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© MPI f. Dynamik und Selbstorganisation
Publication : Journal of immunology (Baltimore, Md. : 1950)

A programmed switch from IL-15- to IL-2-dependent activation in human NK cells

Scientific Fields
Diseases
Organisms
Applications
Technique

Published in Journal of immunology (Baltimore, Md. : 1950) - 15 May 2009

Pillet AH, Bugault F, Thèze J, Chakrabarti LA, Rose T

Link to Pubmed [PMID] – 19414780

J. Immunol. 2009 May;182(10):6267-77

IL-2 and IL-15 differentially control the development, activation and proliferation of human NK cells, although they share common signal-transducing receptor chains CD122 and common gamma. To explore this issue, we analyzed in detail the kinetics of cytokine receptor expression, cytokine binding, and signaling responses in human NK cells treated with common gamma-chain family cytokines. We provide evidence for the sequential expression of IL-15Ralpha and IL-2Ralpha at the surface of cytokine-stimulated human NK cells, independent of the cytokine used for stimulation (IL-2, IL-15, or IL-7). Binding experiments confirmed the switch of high-affinity receptor from IL-15R to IL-2R between 18 and 48 h after stimulation. Consequently, phospho-STAT5 signaling responses to IL-15 were efficient in human NK cells pretreated with cytokines for 18 h, but were abolished at 48 h. Functional NK cell responses to IL-15, including IFN-gamma secretion and CD107a expression, followed a similar pattern, indicating the physiological relevance of the cytokine receptor switch. Importantly, IL-15 complexed to soluble IL-15Ralpha preserved the capacity to activate cytokine-stimulated human NK cells at 48 h, suggesting that human NK cells remained competent for IL-15 trans-presentation, while they had become refractory to free diffusible IL-15. These findings define a common cytokine receptor expression program, which increases human NK cell sensitivity to free IL-15 in early activation and redirects responses toward IL-2 and trans-presented IL-15 at later stages. Such a program may prevent excessive human NK cell activation by effectors of innate immunity and regulate the transition between the innate and adaptive stages of immune responses.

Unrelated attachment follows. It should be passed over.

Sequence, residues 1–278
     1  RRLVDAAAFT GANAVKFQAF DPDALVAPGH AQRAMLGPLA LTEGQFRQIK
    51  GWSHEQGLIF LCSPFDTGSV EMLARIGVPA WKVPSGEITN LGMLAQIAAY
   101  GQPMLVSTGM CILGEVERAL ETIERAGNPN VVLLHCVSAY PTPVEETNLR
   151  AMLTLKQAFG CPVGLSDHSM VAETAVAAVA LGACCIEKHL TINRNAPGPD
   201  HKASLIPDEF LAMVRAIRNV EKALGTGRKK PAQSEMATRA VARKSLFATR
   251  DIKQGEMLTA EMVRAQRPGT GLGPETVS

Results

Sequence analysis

http://www.ncbi.nlm.nih.gov/pubmed/19414780